WOMEN I NEVER KNEW NO. 1 | Myles Haselhorst

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WOMEN I NEVER KNEW NO. 1 | Myles Haselhorst

25.00

67 pages, 32 photographs
5 x 7 in.
Perfect bound softcover

Designed & published by Ampersand, 2012
Printed & bound in Portland, Oregon
Edition 100

Published on the occasion of a collaboration with Dunderdon Workshop, NYC, SOHO.

Numbers 1-10 are signed & include an original real photo postcard from the collection.

Women I Never Knew No. 1 is the first in an ongoing series of publications that explore sexuality & nudity in found photography. The title itself is both a play on words & the statement of a simple fact: I never knew these women until I found photographs of them. Inherent in the act of collecting found photography is an element of voyeurism, of stumbling upon the record of a moment that we are not supposed see. When the photograph in question is sexual or erotic, the sense of invading a moment that was essentially private is heightened. This dichotomy of a private act made public through a mix of amateur photography & passing time is fascinating. It compels us to assume that by the very act of taking these photographs the people in them (& the photographer) wanted them to eventually be seen, evening if the moment of unveiling took decades.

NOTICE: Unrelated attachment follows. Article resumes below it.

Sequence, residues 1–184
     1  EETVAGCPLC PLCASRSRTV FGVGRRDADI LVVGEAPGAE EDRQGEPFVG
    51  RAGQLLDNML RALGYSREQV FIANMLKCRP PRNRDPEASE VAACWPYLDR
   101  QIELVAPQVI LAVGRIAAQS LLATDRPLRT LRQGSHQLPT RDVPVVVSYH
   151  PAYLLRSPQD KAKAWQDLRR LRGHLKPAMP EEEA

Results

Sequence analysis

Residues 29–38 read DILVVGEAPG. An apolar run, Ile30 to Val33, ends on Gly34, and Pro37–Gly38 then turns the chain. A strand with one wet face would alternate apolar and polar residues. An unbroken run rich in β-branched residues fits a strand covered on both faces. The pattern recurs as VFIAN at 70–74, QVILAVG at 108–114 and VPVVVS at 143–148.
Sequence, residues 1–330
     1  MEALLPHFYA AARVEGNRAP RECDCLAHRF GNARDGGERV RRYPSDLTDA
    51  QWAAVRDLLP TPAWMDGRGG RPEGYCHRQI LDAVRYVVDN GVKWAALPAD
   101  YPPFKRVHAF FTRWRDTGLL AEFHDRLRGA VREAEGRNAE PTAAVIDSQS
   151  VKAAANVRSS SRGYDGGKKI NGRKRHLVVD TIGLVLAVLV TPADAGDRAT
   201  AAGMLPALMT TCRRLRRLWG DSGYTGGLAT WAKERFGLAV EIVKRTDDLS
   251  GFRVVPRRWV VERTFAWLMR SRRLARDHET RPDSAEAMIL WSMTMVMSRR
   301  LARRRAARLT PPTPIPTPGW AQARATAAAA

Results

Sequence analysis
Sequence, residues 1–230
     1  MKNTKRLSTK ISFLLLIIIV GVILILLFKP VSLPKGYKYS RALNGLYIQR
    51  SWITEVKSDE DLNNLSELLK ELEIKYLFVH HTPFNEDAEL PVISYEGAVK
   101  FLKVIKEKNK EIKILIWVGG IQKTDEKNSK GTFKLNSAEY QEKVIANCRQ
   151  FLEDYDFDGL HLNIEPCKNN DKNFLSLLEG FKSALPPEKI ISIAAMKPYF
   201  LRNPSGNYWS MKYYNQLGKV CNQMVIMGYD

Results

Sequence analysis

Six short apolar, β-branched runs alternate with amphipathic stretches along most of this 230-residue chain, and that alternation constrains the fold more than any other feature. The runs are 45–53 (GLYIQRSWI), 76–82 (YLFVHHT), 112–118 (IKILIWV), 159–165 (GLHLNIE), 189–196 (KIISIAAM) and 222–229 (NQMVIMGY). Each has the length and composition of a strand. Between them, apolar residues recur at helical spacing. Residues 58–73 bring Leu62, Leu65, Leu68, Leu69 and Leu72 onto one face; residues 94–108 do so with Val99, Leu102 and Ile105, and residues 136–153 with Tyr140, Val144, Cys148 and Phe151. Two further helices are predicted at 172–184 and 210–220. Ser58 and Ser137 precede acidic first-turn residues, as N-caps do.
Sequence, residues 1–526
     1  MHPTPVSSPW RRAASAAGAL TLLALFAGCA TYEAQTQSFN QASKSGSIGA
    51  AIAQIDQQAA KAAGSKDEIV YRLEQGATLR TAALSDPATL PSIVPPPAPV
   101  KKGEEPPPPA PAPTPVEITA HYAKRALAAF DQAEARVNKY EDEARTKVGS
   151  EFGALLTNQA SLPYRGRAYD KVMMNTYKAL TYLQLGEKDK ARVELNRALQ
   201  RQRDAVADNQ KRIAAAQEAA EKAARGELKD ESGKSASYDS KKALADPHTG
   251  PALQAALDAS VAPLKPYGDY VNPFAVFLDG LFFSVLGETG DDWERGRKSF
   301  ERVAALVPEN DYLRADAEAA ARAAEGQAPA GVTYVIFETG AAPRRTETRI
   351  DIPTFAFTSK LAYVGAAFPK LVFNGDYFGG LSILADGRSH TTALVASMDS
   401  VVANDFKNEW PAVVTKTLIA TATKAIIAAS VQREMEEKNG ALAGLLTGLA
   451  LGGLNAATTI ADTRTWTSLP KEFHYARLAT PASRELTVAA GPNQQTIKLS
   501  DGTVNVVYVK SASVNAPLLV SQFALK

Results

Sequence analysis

No. 1 in the series is a curated selection of real photo postcards found in the Bay Area. Held together in an old envelope simply marked photos, I assume they represent the efforts of one collector. Dating from the 1920s & taken by unknown photographers, the staged quality of these images suggest they were intended for circulation, even as the act of owning them was considered illicit & kept hidden. In this, they differ slightly from the photographs taken by the bedroom pornographers alluded to above. Nonetheless, their snapshot quality marks a transition point from the work of trained studio photographers to the amateur efforts of men & women with snapshot cameras. They serve as a kind of template, a jumping off point for a type of photography that paralleled the development of family photos & has evolved into the unchecked exhibitionism of the internet age.

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